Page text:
AP Exclusive: US nuclear inspection results now concealed

The U.S. and Russia each have fearsome arsenals of 1,500 nuclear weapons. Once launched, a missile cannot be recalled.

Recently two op-eds appeared in the Star about the issue of nuclear weapons. One urged that we upgrade and replace all current missiles, submarines, aircraft and land-based silos. The other argued that we maintain our current arsenal and use the trillions of dollars for urgent needs in our country.

A real solution has been proposed by 122 nations of the United Nations in the summer of 2017 targeting all nine of the nuclear weapons-holding nations. The U.N. Treaty on the Prohibition of Nuclear Weapons is now circulating to all nations for ratification. When ratified by 50 it will become international law. It is incumbent upon all citizens, political parties, municipal governments, states, and elected representatives to support this treaty. Our global survival is at stake.

If one nuclear weapon were launched by mistake, either from Russia to the U.S. or vice versa., it would set in motion a counter-launch sequence with computer programs choosing which cities and targets were to be destroyed. Tucson, with Raytheon and the Air Force facilities, would be prime targets. There have been many near launches, often a error caused by one person and catastrophe averted by the corrective actions of a second person. President Jimmy Carter has said that “it hasn’t happened yet, but it only has to happen once.”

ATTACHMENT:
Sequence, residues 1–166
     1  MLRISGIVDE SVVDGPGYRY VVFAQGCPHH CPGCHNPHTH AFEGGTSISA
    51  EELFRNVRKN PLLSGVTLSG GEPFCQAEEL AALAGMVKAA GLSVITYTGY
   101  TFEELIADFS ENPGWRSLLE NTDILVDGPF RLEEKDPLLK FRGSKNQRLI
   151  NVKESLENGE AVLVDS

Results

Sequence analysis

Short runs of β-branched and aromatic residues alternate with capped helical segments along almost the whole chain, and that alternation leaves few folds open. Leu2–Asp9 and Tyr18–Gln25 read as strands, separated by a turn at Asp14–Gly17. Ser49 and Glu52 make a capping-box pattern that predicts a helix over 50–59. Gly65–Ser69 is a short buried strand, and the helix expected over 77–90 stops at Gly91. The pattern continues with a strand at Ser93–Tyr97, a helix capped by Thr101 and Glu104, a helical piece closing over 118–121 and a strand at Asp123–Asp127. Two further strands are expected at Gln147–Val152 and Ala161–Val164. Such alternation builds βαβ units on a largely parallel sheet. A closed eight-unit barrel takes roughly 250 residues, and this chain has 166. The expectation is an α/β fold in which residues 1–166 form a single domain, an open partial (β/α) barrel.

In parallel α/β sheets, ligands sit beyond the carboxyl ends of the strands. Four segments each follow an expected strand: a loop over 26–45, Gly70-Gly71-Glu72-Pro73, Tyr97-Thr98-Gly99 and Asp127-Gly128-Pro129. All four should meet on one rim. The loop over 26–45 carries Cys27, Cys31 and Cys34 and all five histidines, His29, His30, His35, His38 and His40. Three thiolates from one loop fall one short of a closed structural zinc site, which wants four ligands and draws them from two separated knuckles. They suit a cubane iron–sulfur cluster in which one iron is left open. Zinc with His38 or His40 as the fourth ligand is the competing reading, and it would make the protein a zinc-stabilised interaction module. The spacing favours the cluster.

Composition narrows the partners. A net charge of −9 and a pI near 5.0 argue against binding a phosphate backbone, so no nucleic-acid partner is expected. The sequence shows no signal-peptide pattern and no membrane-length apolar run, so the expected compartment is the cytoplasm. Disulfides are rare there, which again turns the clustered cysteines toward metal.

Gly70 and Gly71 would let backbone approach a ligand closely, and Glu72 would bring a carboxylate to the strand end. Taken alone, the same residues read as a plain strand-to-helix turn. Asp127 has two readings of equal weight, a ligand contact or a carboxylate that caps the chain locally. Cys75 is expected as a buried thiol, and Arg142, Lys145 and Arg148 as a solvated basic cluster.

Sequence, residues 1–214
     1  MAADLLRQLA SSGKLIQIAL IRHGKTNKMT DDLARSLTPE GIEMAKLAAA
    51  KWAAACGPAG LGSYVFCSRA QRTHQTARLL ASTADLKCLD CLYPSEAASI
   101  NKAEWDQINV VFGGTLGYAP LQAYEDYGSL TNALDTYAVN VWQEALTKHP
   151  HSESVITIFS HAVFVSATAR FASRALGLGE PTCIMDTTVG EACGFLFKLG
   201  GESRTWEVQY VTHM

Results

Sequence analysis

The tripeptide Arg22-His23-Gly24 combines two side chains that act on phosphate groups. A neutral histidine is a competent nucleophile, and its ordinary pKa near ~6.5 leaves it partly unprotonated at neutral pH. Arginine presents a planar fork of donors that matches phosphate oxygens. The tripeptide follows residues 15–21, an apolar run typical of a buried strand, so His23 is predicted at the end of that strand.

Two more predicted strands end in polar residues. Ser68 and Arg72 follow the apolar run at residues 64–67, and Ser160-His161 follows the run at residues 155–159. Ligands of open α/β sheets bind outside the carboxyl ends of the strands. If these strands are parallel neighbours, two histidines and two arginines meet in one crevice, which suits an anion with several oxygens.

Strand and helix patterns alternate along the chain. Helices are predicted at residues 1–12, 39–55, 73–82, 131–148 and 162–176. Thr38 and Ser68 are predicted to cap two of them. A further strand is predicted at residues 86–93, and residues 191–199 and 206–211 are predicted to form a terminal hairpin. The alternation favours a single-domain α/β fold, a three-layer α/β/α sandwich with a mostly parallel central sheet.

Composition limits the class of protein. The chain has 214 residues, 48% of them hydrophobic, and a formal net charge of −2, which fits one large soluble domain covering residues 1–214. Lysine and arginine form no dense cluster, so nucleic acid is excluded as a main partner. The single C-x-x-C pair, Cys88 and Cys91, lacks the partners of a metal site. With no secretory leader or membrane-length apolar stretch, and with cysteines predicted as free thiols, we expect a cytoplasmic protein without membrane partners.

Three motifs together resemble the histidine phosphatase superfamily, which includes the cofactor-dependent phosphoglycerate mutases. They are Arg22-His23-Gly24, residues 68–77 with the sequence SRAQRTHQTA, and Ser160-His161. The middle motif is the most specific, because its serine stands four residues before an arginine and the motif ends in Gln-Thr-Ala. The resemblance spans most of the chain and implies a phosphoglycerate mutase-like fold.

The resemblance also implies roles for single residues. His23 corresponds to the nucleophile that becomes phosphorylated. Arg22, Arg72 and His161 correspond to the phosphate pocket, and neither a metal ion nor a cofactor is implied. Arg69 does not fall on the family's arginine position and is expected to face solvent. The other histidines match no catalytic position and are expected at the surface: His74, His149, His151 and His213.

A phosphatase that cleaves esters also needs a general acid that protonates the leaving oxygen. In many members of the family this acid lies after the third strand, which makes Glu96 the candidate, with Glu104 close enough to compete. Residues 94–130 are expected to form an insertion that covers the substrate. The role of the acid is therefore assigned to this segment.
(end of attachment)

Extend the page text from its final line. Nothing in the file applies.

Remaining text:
A bill pending now in Congress is “Restricting First Use of Nuclear Weapons” S.200 and HR 921. It does allow for retaliation. Our Arizona Senate and House representatives should support these measures.

A missile once launched can not be recalled. The destruction would be devastating to both sides, with no meaningful recovery possible.

Our current U.S. course bends toward planetary destruction. Unimaginably powerful weapons are ingeniously developed, and then control is placed in the hands of leaders of dubious stability and competence. The U.S. and Russia each have 1,500 nuclear weapons ready to launch.

Ira Helfand, an expert on nuclear weapons, has described in detail the effect of a nuclear attack on a city of 2.8 million:

“Within 1/1000 of a second, a fireball would form enveloping downtown and reaching out for two miles in every direction from ground zero. Temperatures would rise to 20 million degrees Fahrenheit, and everything, buildings, trees, cars and people would be vaporized. Out to a distance of two to four miles, the blast would produce pressures of 25 pounds per square inch and winds in excess of 650 miles per hour. These titanic forces would rip buildings apart and level everything, reinforced concrete and steel structures ...”

Ronald Reagan and Mikhail Gorbachev at their meeting in 1986 in Reykjavik, Iceland, came close to concluding an agreement to abolish all nuclear weapons. Reagan’s insistence of maintaining a strategic missile defense system sunk that opportunity. But to quote Reagan:

“A nuclear war can never be won and must never be fought.” And Gorbachev: “It is my firm belief that the infinite uncontrollable fury of nuclear weapons should never be held in the hands of any mere mortal ever again, for any reason.”

And consider this, from President Trump after being briefed on the issue: “If we can’t use them then why do we have them?”

Unfortunately that sensible question has been lost by every administration in recent history. Albert Einstein said: “The splitting of the atom has changed everything save the mode of man’s thinking, and thus we drift towards unparalleled catastrophe.”

Abolishing and verifying the end of nuclear weapons is the right policy.

Raymond Graap and Schulyer Hilts are retired physicians in Tucson and have been members of Physicians for Social Responsibility since the 1980s.